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What are your Chances of Surviving a Risky Surgery?


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3/17/2015
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Reuters reports on risky surgeries.

A new study looks at the likelihood of surviving a risky surgery in America. Some of the results might surprise you.

The survival chances of risky surgeries depend on a number of factors.

These factors include: the hospital, the surgeon and his/her experiences, facilities, and type of surgery being performed.

Experts say the chance of surviving any of four high-risk surgeries can vary by as much as 23 percent depending on what hospital patients use, according to an analysis.

“Rating hospitals has become somewhat of a free-for-all, with competing groups using different data and definitions of quality. Only 10 percent of the 844 hospitals rated highest by one rater were equally rated by even one of the others, found a study this month in Health Affairs,” according to Reuters.

How was the study conducted?

The analysis, which was done by the nonprofit Leapfrog Group, a patient-safety organization supported by large employers, (and Castlight Health Inc., which sells software for employers to manage healthcare spending - shows that choice of hospital) can actually mean the difference between living and dying.

Researchers asked 1,500 hospitals for 2013 information on four risky surgeries, including number of procedures and patient deaths. It fixed the numbers to come up with a predicted survival estimate for each.

For example, when it comes to a pancreatectomy (removing all or part of the pancreas, usually to treat cancer), the predicted survival rates ranged from 81 percent to 100 percent.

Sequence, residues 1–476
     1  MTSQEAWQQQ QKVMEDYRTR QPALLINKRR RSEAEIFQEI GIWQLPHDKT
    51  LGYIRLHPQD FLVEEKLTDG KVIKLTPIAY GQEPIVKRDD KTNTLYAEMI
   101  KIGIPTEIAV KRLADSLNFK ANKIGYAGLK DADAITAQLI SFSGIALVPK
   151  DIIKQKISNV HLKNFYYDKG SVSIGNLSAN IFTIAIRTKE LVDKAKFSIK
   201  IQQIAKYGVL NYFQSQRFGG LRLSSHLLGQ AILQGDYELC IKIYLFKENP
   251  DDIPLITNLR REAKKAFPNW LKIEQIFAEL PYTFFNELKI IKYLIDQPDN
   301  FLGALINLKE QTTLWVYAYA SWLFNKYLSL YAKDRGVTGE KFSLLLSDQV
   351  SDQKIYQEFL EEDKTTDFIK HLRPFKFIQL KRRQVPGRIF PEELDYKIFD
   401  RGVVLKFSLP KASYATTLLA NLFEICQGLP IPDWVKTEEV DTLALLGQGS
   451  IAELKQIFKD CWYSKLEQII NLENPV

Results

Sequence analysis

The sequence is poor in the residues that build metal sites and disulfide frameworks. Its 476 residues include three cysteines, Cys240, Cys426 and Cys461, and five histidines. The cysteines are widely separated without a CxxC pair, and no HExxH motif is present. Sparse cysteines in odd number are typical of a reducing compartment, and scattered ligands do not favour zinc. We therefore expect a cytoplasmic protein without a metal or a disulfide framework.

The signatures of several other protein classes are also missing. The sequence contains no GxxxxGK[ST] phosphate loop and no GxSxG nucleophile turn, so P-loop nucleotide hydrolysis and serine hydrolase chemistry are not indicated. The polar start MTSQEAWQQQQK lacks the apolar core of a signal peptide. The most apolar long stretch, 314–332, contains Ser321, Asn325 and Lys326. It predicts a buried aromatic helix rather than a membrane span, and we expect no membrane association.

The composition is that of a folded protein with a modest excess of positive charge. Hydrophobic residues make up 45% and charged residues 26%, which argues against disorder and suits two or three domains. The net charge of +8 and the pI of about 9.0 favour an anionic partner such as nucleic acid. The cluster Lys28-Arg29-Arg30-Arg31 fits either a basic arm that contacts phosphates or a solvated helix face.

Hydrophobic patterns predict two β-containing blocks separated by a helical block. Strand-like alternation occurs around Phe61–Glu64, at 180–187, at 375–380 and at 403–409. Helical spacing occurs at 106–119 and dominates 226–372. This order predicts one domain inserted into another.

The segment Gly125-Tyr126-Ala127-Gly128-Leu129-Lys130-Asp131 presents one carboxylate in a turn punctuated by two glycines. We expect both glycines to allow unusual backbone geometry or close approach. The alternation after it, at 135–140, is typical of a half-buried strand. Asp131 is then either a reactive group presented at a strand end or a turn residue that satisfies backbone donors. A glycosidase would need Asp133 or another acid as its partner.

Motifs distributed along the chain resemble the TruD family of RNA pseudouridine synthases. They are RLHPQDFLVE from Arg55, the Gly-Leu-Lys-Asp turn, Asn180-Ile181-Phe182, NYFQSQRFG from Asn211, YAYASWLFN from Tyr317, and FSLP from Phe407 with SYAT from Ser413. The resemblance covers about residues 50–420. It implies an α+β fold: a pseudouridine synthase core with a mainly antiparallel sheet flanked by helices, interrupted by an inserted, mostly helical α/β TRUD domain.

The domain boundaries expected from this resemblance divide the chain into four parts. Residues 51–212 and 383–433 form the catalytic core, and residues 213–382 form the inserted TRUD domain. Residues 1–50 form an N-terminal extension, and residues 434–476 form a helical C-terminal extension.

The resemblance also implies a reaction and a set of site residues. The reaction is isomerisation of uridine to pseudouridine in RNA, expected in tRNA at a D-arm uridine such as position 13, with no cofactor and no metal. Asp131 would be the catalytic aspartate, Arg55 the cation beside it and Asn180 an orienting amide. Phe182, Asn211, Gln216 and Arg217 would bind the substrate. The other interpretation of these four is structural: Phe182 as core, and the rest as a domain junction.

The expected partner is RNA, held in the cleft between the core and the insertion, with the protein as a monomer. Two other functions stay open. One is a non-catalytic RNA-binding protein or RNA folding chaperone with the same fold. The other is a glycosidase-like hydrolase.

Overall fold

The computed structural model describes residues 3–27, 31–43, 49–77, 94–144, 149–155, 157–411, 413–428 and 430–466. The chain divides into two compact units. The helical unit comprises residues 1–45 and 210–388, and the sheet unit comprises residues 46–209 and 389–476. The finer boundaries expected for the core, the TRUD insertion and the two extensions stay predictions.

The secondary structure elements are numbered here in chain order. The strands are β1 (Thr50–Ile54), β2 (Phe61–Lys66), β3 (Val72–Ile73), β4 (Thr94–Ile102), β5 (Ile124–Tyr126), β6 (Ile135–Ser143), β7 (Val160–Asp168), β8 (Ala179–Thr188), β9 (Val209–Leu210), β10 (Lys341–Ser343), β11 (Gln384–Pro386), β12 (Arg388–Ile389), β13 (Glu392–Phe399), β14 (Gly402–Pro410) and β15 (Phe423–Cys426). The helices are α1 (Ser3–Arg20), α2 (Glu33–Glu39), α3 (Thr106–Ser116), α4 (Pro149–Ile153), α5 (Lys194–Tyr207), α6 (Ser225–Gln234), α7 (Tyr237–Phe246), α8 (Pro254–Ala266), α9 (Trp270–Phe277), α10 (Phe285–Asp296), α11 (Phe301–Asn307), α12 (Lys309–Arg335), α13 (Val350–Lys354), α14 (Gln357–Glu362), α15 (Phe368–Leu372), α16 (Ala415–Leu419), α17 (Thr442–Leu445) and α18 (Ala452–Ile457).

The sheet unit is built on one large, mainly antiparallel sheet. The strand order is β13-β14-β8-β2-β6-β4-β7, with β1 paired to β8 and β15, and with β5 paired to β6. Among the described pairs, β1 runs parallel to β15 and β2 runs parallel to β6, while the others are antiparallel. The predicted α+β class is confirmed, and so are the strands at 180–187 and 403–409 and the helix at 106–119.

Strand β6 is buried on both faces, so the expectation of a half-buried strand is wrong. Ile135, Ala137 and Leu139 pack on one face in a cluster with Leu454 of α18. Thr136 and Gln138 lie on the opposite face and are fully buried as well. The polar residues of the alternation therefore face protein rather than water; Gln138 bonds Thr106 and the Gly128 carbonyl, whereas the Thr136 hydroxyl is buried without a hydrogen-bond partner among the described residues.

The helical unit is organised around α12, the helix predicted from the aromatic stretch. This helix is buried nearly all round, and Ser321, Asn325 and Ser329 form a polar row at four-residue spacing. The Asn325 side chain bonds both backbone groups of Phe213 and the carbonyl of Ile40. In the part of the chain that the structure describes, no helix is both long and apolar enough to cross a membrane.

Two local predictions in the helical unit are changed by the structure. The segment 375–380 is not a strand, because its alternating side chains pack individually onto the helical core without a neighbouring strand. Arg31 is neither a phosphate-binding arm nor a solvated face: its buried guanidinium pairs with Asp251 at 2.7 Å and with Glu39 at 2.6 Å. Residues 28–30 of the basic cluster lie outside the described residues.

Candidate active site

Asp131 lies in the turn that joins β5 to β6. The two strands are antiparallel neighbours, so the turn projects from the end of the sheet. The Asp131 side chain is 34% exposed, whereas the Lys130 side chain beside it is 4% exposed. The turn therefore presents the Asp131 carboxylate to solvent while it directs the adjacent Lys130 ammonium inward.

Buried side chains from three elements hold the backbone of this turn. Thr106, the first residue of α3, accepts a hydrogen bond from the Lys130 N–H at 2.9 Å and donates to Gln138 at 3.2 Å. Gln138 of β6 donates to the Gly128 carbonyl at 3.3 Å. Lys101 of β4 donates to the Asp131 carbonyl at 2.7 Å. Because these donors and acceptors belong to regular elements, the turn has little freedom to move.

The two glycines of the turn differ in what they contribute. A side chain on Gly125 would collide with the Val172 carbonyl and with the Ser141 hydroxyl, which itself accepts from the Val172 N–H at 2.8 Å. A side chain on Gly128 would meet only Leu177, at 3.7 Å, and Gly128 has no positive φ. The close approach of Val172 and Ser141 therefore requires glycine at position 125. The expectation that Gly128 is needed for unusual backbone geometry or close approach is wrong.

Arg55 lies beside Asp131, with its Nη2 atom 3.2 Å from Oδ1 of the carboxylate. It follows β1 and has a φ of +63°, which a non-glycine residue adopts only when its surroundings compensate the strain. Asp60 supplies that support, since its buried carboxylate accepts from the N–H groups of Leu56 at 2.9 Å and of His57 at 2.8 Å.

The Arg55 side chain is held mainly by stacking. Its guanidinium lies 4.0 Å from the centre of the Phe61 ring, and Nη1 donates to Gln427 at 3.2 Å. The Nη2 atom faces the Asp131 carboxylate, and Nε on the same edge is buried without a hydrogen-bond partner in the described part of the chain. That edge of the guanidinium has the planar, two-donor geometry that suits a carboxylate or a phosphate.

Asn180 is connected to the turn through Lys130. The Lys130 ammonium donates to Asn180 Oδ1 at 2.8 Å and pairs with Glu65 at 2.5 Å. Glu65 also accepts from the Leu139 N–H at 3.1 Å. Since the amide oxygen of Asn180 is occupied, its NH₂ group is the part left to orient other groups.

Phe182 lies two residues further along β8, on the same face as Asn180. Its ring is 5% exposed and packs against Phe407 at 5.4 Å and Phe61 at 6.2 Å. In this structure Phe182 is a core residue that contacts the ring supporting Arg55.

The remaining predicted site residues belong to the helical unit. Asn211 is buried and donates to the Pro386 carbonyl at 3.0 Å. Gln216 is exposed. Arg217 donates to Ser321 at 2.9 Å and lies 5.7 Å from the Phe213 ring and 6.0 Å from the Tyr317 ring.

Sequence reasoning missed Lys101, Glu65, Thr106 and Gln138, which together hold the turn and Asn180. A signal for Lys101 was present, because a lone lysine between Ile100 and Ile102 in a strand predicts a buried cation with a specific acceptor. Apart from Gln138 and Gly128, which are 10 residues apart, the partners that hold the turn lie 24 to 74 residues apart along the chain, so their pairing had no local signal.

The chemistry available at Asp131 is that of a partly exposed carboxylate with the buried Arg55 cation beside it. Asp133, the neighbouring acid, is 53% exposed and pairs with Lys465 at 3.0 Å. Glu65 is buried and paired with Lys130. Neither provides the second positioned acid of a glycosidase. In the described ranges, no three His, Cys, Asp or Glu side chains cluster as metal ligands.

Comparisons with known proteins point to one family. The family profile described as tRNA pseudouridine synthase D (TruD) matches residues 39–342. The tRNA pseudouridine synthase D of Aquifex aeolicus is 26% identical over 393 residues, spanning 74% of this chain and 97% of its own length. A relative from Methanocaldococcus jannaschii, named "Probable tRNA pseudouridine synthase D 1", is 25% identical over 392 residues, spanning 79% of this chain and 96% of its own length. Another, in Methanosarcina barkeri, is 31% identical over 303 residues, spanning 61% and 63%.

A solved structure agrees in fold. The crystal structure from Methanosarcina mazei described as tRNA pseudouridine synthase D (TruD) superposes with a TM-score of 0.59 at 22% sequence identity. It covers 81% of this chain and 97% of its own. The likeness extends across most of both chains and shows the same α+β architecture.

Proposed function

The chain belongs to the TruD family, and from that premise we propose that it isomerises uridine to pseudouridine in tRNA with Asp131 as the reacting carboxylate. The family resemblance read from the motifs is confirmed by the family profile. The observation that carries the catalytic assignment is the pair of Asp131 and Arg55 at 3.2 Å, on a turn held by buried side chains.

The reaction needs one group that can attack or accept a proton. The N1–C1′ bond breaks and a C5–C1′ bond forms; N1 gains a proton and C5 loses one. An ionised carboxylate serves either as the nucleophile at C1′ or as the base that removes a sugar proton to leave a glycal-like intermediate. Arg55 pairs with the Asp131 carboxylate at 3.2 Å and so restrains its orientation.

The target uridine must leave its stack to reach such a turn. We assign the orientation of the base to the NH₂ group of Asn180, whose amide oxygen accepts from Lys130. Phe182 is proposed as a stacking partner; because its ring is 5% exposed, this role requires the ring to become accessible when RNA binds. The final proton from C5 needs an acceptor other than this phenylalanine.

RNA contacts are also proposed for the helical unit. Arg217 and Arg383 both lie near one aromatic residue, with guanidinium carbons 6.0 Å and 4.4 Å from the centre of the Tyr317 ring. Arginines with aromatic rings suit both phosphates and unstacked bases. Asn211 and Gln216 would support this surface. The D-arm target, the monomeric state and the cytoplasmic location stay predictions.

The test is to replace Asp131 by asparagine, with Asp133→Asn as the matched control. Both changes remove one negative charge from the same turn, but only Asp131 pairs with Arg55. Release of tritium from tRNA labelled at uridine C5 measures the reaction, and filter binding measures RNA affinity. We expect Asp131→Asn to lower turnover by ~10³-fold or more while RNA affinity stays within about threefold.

Reuters explains, “Of 487 hospitals reporting data, 203 had rates of at least 91.3 percent, which Leapfrog chose as the benchmark for quality. For esophagectomy (removing all or part of the esophagus), expected survival ranged from 88 percent to 98 percent. Only 182 of 535 hospitals had rates of at least 91.7 percent.”

For risky surgeries such as repairs of abdominal aortic aneurysm, survival ranged from 86 percent to 99 percent. The results showed that 268 of 792 hospitals met the benchmark of 97.3 percent. For exchanging the heart's aortic valve, survival ranged from 92 percent to 97 percent; only about one hundred of 544 hospitals hit 95.6 percent.

Was the study thorough enough?

The study did not look into which types of hospitals, nonprofit or for-profit, in one region or another, did well; but in overall those that performed more procedures did the best.

“National stalwarts such as Brigham and Women's Hospital in Boston and the Mayo Clinic in Rochester, Minnesota, aced all four surgeries, but so did Hoag Memorial in Newport Beach, California, and Morristown Medical Center in New Jersey,” according to Reuters.

But not all risky surgeries are having bad outcomes.

Reuters also reports on a new type of surgery that has been going well. Experts started performing the Medtronic valve replacement surgery for heart patients a couple of years ago. New research shows that patients who got the surgery are doing well two years later. This is considered a major triumph in the field of cardiology as heart disease is one of the leading causes of death in the United States today.  

 



Category: Surgical Mistakes

Gerry Oginski
NY Medical Malpractice & Personal Injury Trial Lawyer

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